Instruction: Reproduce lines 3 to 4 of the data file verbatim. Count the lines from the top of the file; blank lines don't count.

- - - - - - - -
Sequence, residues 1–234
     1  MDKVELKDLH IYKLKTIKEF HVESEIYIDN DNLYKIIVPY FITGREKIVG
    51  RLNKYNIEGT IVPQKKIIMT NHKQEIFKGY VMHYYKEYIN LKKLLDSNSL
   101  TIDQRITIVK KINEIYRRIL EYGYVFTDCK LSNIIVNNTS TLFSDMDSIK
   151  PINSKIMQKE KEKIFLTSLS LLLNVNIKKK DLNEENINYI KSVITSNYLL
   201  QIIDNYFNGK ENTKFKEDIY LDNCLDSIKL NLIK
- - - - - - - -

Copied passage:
    51  RLNKYNIEGT IVPQKKIIMT NHKQEIFKGY VMHYYKEYIN LKKLLDSNSL
   101  TIDQRITIVK KINEIYRRIL EYGYVFTDCK LSNIIVNNTS TLFSDMDSIK